Selling their South Australian-based stud and property, Granite Ridge Angus stud at Avenue Range, last year was supposed to mark the end of a stud breeding era for Colin Flanagan and Pat Ebert.
But encouragement from some of their biggest supporters, in particular, Allan and Coralee Gillogly, Montrose feedlot, Moree, NSW, and Michael Glasser of GTSM, urged them to stay in the game.
A six-month search across NSW and Victoria lured them into buying 174-hectare property, Glenwellyn, at Warrenbayne, from Peter and Annick Butterfield, in November.
Included in the acquisition was the family's stud, Prime Angus, and 94 stud cows, 46 maiden heifers, and 36 yearling bulls.
The breeding reputation of Prime Angus is well-known, with the stud holding the Australian record price for a yearling Angus bull for several years in Juggernaut J15, who sired over 1100 progeny.
The duo's expansion plans are already underway with the buy-up of 25 Ardrossan Angus cows and bull calves at foot, as well the purchase of a nearby 100-hectare block at Boho.
"Originally, we wanted to scale down, and we had plans to go commercial, but then this came up," Mr Flanagan said.
"None of the kids were interested in Granite Ridge Angus, and after our worker left, that was the big crunch for us to sell."
Granite Ridge will continue to operate with the property buyer, also securing the stud cattle and prefix for an undisclosed price.
The purchase included 400 autumn and spring-calving cows, 82 heifers, embryos, and this year's sale bulls.
While some major changes are shifting from a 500-head breeding herd to an anticipated 160-head, as well as a rainfall difference of 600-millimetre average at Kingston to 900mm at Warrenbayne, the breeding focus will remain the same.
"We go for easy births, weight for age, they must grow to 600-day weights and be able to finish with good carcase and fat cover that is not extreme," he said.
"We breed the cattle to be able to hit every market.
"Everyone in the chain has to be able to make money to survive.
"If progeny are bought for 100 or 150-day weights and don't meet that market, they go into the next program which costs buyers money.
"NLIS (National Livestock Identification System) tags mean your stock are traceable until they are slaughtered, so you need to stand by your tag the whole way."
He said as feedback direct from abattoirs to producers increases, scrutiny of cattle's genetic performance would increase.
But the breeders know how their stock performs after establishing a client buy-back program, purchasing Granite Ridge-sired steers for backgrounding before they were on-sold to Montrose feedlot.
This means they received direct performance data from the end of the supply chain.
Montrose is a 4000-head feedlot, as well as a 2300-head Angus herd, and last year purchased more than 400 Granite Ridge-blood steers thanks to a partnership with the duo.
"That is the secret, seeing your cattle over the hooks," he said.
"Backgrounding your own stud's progeny gives you a breeding focus.
"We have a vision of what we're breeding for, and we don't sway off it.
"We will go back into buying steers once we get going here, purchasing 500-600-kilogram steers for backgrounding so we can monitor how our cattle perform."
They conduct a fixed-timing artificial insemination program in May, where every bull's linage was verified before being individually selected for each cow.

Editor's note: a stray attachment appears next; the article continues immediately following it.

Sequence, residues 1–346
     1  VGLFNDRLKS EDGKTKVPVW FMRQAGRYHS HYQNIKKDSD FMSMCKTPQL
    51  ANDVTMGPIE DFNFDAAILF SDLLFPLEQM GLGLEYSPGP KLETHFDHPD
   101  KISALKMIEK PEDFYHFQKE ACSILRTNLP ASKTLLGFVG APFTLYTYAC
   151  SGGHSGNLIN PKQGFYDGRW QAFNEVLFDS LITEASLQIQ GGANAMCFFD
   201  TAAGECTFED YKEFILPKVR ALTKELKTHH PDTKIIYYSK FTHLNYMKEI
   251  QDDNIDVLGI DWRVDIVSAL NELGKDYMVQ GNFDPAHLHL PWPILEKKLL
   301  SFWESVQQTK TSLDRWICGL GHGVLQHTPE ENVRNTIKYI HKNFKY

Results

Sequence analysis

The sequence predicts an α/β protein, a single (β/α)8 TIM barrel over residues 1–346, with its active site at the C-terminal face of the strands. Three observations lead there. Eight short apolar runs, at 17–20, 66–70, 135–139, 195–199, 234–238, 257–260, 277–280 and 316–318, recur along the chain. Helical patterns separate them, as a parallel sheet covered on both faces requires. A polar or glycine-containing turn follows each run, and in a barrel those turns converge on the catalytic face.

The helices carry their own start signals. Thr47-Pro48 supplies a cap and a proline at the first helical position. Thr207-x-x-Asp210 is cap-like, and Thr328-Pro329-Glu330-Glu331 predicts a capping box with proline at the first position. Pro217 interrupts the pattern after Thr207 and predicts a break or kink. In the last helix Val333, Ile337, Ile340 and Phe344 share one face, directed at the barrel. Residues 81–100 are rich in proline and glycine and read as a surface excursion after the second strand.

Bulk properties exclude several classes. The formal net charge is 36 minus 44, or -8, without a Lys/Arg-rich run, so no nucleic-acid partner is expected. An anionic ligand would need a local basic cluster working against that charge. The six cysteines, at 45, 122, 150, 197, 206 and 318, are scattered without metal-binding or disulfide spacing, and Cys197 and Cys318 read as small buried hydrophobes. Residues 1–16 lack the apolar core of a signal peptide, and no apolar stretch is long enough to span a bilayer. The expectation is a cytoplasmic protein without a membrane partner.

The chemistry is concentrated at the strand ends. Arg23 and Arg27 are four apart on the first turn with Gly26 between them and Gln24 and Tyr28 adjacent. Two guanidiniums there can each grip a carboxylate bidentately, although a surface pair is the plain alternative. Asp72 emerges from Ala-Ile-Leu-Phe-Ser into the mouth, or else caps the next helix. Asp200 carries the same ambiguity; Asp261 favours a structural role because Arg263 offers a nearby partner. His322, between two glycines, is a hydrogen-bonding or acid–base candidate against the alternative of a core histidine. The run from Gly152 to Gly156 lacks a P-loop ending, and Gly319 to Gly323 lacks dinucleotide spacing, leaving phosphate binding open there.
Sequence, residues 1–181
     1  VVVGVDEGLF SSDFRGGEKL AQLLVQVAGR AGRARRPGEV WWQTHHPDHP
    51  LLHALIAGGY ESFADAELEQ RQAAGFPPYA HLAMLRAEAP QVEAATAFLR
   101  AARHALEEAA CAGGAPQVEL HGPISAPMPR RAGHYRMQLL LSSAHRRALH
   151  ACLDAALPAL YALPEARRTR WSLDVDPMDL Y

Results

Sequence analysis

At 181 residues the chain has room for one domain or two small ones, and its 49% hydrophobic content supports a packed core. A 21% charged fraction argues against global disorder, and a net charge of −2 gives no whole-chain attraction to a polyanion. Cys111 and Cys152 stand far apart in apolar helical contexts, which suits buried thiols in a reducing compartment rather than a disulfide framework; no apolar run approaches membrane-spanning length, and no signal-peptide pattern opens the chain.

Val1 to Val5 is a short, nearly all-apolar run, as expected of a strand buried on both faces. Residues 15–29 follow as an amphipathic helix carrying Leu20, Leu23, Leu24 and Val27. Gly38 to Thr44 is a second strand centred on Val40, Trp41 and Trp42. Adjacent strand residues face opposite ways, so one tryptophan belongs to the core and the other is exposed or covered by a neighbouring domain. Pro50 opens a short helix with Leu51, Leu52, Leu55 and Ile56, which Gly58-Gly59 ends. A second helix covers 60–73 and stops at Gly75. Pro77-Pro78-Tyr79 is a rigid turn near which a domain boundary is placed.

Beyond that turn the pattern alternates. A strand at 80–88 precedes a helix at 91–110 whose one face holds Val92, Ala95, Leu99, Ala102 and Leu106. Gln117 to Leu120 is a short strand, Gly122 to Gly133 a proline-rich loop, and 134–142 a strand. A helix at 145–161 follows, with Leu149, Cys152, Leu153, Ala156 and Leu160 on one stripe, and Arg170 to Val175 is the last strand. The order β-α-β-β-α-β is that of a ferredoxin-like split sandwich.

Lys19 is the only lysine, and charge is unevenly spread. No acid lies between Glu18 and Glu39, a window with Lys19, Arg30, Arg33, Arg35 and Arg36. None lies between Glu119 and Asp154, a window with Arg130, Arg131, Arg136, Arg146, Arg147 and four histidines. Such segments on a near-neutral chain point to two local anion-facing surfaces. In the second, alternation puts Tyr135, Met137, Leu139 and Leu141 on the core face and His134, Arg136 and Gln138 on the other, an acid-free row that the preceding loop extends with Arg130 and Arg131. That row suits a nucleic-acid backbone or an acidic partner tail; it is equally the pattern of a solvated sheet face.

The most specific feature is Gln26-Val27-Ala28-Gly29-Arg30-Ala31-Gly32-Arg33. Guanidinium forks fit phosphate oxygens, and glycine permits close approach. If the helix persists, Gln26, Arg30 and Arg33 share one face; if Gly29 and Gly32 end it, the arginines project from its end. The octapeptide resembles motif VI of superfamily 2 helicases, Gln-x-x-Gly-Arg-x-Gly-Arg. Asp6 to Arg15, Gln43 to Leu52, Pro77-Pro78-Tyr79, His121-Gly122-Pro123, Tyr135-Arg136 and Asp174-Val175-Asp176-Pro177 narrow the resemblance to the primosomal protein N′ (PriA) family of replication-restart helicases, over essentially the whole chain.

Heifers were impregnated once they were more than 420kg and backed-up with the stud's top bulls 14 days after insemination.
Last year, heifers recorded 78 per cent AI calving success and cows 72pc.
"We will carry on that program here so that we calve down in mid-February," Mr Flanagan said.
Further changes will see Prime Angus bulls offered for sale in both spring and autumn from 2021 and be sold at 18 months-old, instead of 12 months-old.
"Once bulls get to 13-15 months-old, their entire structure changes, and we can see how they're going to perform for their life," Mr Flanagan said.
"Young bulls can have nearly perfect score structurally, but it isn't until they're carrying weight and their legs have fully developed that we can see how their correct phenotype is.
"We're very strict on what we do and it is to be done right and properly.
"I am paranoid about structure and feet.
"We run them on grass to see their natural growth at an early age.
"Six weeks before the sale, we will finish them on pellets for presentation."
Mr Flanagan said they were attracted to the Victoria's north-east due to its reliable water and extended growing season, as well as the performance of cattle they've purchased from the region.
The timing of their move across the border is opportune following the dispersal of former north-east-based studs Witherswood and Anvil Angus in 2018.
"We've taken two B-double trucks of cattle from this area, so we saw an excellent opportunity to start here," he said.
"We'll crank it all up now.
"Once our first joining is through, there will be a few of the stud blokes watching as our breeding comes in.
"We guarantee that we can add 50kg to our clients' weaner weights and we show how genetics can influence the performance of your cow herd and calf weights big time."
Mr Flanagan will open the gates of Prime Angus for Stock & Land Beef Week on January 30.
"We want to find our feet and feel our way with clients," he said.
"We can ask what our clients are currently wanting, and we can share what we're breeding.
"You've got to be able to prove what you're doing, and then back it up year after year."